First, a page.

We often struggle with being able to distinguish between what the web is and what the web enables us to do. So, then, what is the web?
Web design is a lot like designing a store: You need to understand the customers and remove barriers to sale. The best way to do this is with user personas.
Learning how to use Google Analytics and conduct user testing will improve your web design work and help turn your design opinions into bulletproof facts.
We asked 7 great minds about their thoughts on forward-thinking design, the skills designers need that they may not have learned in school, and the future of their practice.
Since the '90s, the big conversation has been about designers making the print-to-web transition. But there's something happening on the fringes of design today, and interactive designers could get left behind if they're not paying attention.
I believe the key to thinking about your future as a designer is in understanding the balance between generalization and specialization.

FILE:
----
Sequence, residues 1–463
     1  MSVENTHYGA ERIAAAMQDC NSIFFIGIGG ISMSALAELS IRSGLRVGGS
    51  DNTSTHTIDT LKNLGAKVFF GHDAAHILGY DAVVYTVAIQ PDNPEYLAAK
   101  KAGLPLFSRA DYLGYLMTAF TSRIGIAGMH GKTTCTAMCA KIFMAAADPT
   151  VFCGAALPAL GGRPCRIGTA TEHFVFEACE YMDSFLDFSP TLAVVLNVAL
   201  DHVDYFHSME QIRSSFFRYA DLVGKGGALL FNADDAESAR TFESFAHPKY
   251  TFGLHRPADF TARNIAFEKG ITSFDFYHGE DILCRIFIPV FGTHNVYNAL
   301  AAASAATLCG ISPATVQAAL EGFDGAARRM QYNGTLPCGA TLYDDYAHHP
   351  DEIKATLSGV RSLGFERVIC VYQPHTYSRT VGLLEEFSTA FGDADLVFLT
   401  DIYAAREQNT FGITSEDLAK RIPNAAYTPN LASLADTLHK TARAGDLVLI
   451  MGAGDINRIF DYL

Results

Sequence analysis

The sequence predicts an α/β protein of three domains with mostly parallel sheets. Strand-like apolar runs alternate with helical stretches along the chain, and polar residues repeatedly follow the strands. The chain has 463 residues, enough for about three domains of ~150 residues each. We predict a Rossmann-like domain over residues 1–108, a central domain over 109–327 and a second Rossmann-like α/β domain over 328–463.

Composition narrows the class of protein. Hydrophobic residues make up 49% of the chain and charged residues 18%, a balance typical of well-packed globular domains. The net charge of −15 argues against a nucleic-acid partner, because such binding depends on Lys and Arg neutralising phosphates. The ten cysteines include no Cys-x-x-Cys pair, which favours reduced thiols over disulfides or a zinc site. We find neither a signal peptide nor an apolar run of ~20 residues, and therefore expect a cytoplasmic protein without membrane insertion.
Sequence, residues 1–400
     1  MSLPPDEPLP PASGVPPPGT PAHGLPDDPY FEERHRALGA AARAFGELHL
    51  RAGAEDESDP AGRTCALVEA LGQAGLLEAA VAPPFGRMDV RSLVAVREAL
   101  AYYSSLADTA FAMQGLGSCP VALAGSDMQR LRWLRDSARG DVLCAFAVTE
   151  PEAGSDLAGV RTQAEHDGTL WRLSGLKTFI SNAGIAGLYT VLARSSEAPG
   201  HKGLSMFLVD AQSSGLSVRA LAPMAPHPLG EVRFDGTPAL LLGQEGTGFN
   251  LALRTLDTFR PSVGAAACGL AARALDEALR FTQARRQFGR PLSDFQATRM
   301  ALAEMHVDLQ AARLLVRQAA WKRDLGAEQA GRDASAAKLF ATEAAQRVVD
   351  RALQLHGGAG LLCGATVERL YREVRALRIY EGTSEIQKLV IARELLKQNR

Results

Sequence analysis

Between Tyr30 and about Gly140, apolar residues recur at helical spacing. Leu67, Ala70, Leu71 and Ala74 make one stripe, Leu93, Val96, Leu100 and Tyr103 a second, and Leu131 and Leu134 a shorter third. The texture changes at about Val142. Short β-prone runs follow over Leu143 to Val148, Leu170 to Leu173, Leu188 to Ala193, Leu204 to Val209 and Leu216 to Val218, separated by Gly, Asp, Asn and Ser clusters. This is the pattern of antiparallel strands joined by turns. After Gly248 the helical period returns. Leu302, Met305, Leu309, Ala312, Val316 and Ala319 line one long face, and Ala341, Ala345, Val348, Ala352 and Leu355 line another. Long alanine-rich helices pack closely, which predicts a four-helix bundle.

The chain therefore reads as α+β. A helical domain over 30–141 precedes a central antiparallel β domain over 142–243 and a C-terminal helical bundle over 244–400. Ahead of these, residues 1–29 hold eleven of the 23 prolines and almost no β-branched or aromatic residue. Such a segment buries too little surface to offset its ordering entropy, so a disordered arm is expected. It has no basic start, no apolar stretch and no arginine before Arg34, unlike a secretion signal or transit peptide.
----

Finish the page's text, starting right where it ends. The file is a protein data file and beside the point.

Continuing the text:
Ask not "How do I choose the right CMS?" Ask "How do I choose the right developer?" I believe if you choose the right developer, you will also choose the right content management system.
Just as architectural plans use a consistent visual language to describe buildings, prototypes use a consistent visual language to describe websites. Rather than seeing the prototype as a document that imposes limitations, designers should see it as one that enables creative freedom.
Only by clearly identifying your prospects can you go about creating content that is truly valuable. Despite the obvious importance of search engine optimization, please don't misidentify search engines as your prospects. Robots don't read—people do.
I'm not categorically against apps. But the economic and practical factors surrounding creating and distributing the apps themselves are indicators that the long-term sustainability of the app paradigm is unlikely.